In fact, six of the 10 worst-performing states in the Mercatus ranking — California, New York, Illinois, New Jersey, Massachusetts, and Connecticut — are also states with the heaviest tax burdens and rated the least business friendly, according to rankings from the Tax Foundation and Chief Executive magazine.

It would appear, then, that abiding by a philosophy of limited government, lower taxes and fewer regulations leads to growth, prosperity and fiscal soundness.

Here’s the full map from the George Mason University study:

George Mason University study on fiscal solvency
George Mason University study on fiscal solvency

At the state-level, everyone understands that Republican governors know what they are doing, because they understand economics. So then why do we forget that and elect a community organizer when it comes to the Presidency? Do we just not care about the debts we are piling onto our children when we elect wastrels and profligates?

Bobby Jindal: policies of Hillary Clinton and Bernie Sanders are the same as Greece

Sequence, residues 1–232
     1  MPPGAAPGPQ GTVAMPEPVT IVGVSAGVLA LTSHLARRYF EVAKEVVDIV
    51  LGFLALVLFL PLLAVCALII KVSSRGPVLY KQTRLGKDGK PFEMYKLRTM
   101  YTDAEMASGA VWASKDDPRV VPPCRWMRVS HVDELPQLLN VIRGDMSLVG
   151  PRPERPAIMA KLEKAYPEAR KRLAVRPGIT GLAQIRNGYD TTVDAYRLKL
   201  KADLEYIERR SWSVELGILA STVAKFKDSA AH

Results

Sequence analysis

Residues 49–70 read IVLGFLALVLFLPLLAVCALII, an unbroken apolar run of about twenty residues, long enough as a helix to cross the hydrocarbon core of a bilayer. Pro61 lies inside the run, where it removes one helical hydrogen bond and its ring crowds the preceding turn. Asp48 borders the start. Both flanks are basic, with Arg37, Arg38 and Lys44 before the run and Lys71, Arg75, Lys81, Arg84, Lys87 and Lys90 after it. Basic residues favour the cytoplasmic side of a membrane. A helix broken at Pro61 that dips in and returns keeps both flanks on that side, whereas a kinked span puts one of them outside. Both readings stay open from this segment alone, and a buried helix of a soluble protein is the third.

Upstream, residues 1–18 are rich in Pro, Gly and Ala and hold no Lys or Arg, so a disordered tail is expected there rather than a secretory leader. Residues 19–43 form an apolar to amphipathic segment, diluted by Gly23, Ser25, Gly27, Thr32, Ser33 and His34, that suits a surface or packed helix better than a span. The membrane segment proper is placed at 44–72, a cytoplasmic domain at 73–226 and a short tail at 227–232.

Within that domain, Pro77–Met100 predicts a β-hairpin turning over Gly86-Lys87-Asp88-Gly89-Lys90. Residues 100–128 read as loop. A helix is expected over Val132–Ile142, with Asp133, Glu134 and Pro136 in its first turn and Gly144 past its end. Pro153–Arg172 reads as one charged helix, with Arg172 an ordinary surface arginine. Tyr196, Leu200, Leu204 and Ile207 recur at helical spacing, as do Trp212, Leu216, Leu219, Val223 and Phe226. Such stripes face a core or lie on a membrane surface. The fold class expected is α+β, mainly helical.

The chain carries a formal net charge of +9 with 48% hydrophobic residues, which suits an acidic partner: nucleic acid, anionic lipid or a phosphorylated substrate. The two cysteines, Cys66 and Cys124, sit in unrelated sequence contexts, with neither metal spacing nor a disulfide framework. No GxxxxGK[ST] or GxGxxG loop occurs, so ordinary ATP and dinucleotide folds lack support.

Louisiana Governor Bobby Jindal
Louisiana Governor Bobby Jindal

Here’s an excellent editorial by Louisiana governor Bobby Jindal in left-leaning Time magazine.

He writes:

It’s simple math to understand what is happening in Greece right now. When Greece joined the euro, it benefited from the financial support of its more fiscally responsible neighbors in the euro zone. Rather than taking the opportunity to enact the structural reforms that could have increased growth — reforms that it still has not undertaken — Greece instead went on a spending spree funded by other people’s money.

Greece has been cooking the books with complicated financial instruments for years. But the problems don’t stop there. Greece’s Rubik’s Cube tax code and rampant corruption make tax evasion widespread. Golden parachute public pensions that allow public sector workers to retire as early as 45 drain dollars out of the government coffers while incentivizing a still healthy and work-age workforce to live on the public dime. It’s hard to have sufficient tax paying workers when about 75% of Greek public-sector employees retire by the age 61.

Did the new socialist government run by 40-year-old child Alex Tsipras fix anything?

They made it worse:

After taking office in January, the Alexis Tsipras administration reversed promised privatization of state-owned assets like the Port of Piraeus. In 2011, the IMF predicted Greece could bring in 50 billion euros ($56 billion) from the sale of state assets, not to mention the savings from moving those employees off the public wage and benefit system. To date, it has raised about 3 billion euros.